Commenting on the idea that long working hours cause disease, Traveler asserts that in countries like France, Greece, or Portugal “today, most people who still have jobs work harder and longer hours, very often without pay.” The main reason for that would be fear. I agree that situations of high unemployment rates often force workers to accept both working longer hours and being paid at lower rates. That is a basic mechanism for the recovery of profitability during economic crises. However, Traveler asserts that today we may be in a situation in which some people work “as long as in the 19th century.” This seems to me quite an exaggeration. In the course of the 19th century the fight for a shorter working day produced important gains and, although things may have deteriorated recently in a number of countries, I do not think the situation is similar to that of the 19th century, when the working day was often 14, 15, or even more hours. In England in 1833 a Factory Act was passed limiting the working week to a maximum of 48 hours—but that was only for children aged 9 to 13. The fight for shortening the working day extended for decades, but the eight-hour day was a reality in many countries during most of the 20th century. On the other hand, statistics of recent decades show that working hours generally increase in expansions and decrease in recessions. O.E.C.D. data show that in general average annual working time (in hours per worker) was higher during the years before the crisis started. Thus annual hours per worker in Greece, Estonia, Portugal, the U.K., and France peaked between 2005 and 2008, and in 2012 were at lower levels than in 2005 – 06 (see figure); only in Spain was annual working time in 2012 at exactly the same level, 1686 hours, as in 2005. Workers are under management pressure to work more hours in every phase of the industrial cycle, but if collective bargaining requires workers to be paid overtime at a higher rate, then managers have a strong incentive to demand overtime only when the demand for the output is high, so that overtime is the first thing eliminated when demand starts slacking in the early phases of a recession. Then, if the recession deepens, before laying-off workers, managers prefer to reduce cost by demanding furlough days. All that of course is mediated by labor laws and regulations, and may change between countries. Furthermore, statistics on working hours may be biased by misreporting. In spite of all that, I believe that probably is a general law that working time per worker generally increases in expansions and decreases in recessions.

Traveler often refers to Portugal, which he considers the poorest country in Europe. However, that is only true in the context of Western Europe. Considering, for instance, average income as proxied by G.D.P. per capita in purchasing power parity units, the level of income per capita in Portugal in recent years is very similar to that of Greece, but about 50 percent greater than that of Bulgaria, twice that of Serbia, and three times that of Romania or Albania. Compared with its neighbor, Portugal’s G.D.P. per capita is about 80 percent that of Spain. In 2010 – 11 the literacy rate of the population aged 15 or over was 95.4 percent in Portugal, 97.3 percent in Greece, 97.7 percent in Spain, 96.8 percent in Albania, and 98.0 percent in Serbia. I could not get data on poverty for these countries, but I am quite positive that poverty rates in some of them are as high as or higher than in Portugal.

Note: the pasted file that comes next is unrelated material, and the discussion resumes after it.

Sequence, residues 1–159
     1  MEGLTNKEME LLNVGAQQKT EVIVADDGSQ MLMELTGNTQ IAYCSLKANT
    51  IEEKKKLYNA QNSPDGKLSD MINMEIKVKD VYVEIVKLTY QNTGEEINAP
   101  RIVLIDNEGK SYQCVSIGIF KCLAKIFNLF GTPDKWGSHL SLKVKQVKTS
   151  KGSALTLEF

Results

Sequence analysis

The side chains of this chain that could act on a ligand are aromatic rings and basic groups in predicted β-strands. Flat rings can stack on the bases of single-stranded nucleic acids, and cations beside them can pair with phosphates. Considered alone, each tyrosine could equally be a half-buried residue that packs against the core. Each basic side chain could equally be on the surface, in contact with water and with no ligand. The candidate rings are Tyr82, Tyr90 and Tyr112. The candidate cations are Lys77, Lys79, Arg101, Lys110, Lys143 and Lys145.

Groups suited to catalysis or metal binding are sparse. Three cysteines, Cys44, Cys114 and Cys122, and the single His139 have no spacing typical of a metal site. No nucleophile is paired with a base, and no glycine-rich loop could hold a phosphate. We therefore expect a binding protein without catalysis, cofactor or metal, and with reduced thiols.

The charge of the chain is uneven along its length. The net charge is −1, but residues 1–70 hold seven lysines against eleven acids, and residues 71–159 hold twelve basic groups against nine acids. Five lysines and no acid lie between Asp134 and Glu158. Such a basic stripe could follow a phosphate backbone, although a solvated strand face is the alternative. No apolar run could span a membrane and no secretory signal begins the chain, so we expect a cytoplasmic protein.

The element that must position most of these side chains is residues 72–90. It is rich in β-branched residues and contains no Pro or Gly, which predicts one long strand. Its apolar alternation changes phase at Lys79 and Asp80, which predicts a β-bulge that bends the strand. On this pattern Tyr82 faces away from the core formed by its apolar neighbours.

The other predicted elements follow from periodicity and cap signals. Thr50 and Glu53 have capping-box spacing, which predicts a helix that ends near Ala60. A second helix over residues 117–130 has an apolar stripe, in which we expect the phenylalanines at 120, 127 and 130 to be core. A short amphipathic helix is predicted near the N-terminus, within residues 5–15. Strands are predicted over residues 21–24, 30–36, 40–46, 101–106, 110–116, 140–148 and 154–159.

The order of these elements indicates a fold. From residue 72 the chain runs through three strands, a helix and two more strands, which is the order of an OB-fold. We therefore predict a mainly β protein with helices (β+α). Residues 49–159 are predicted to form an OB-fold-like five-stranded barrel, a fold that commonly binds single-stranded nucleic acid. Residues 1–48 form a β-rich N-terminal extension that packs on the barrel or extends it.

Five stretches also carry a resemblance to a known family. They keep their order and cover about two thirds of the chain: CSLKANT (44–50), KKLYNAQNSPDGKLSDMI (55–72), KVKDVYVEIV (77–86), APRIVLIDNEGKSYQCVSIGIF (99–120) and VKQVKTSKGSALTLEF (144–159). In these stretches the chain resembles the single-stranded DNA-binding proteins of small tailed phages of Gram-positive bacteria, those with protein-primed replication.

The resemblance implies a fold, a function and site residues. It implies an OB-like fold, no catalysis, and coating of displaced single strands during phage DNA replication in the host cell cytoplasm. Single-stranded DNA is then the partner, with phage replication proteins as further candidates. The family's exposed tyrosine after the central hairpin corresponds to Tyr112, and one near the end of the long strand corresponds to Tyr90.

Suicides per 100,000 population. Age-standardized rates as reported by the World Health Organization.

Traveler refers to the birth rate, which he says is at very low levels in Portugal. That is true, but the birth rate is also at comparably low levels in Germany, which has been to a large extent spared by the recent crisis. Suicide rates often rise during periods of economic recession at the same time that the unemployment rate grows. But after 2007 suicides rose very moderately in Portugal, and they are at much lower levels than in, say, France or Switzerland. Interestingly, compared with the levels in 2000 – 01 and in the 1990s, the suicide rate in Portugal doubled in 2002, and then remained high (see table). An aspect in which Portugal looks particularly bad among European nations is the very low percentage of people who self-assess health as good, a statistic that is reported by the European Office of W.H.O. Portugal is at the lowest levels with 49.1 percent, which is similar to 49.0 percent in Latvia, 51.9 percent in Lithuania, and 52.6 percent in Estonia, and quite below 67.2 percent in France, 71.8 percent in Spain, 71.0 percent in Denmark, 75.5 percent in Greece or 80.0 percent in Sweden. All these are figures are for 2010. However, to feel ill does not necessarily mean to have any major health problem. To a large extent it depends on culture, and also on temporary factors. In the case of Portugal, maybe Pessoa and the fado have something to do with this gloomy self-assessment; I do not know. There are no recent figures for the percentage of people self-assessing health as good in countries of the old U.S.S.R., but from the early to the late 1990s in Ukraine it went from more than 80 percent to less than 20 percent. At the same time there was a loss of life expectancy at birth in that country, but it was only from 69.7 to 67.8 years.

The world economic crisis that started at the end of the past decade has quite specific characteristics in European countries like Spain, Portugal, and Greece, where the recession has been particularly long and deep. But I do not agree with the idea that the world economy is now in a state of permanent crisis, or with Paul Krugman or Larry Summers, who assert that the perspective is one of long-term stagnation. I rather think that in the past three years the world economy has been in a very weak expansion. That could change rapidly and another major downturn could start anytime. Indeed, today’s newspapers report that recession is now official in Japan. For the moment, statistics show that population health as measured by mortality and life expectancy is not damaged by capitalist crises. Of course, population health and health care are different things. Governments in Europe are applying policies of destroying or commodifying the public systems of health care that have been in place for many years. Austerity has reduced health-care budgets in many countries and patients have to suffer long waiting lists, and spend less on medicines. Fortunately, people’s opposition to all that has been often enough to stop these plans. In quite a number of cases, however—not when you break your knee—less medicine and fewer medicines can be healthy; too many pharmaceuticals and medical procedures are indeed useless or harmful.

—José A. Tapia

Contributor

Jose A. Tapia

JOSE A. TAPIA is an Associate Professor of Politics at Drexel University, Philadelphia. His research has been published in Journal of Health Economics, the American Journal of Epidemiology, Social Science & Medicine, PNAS, and other journals.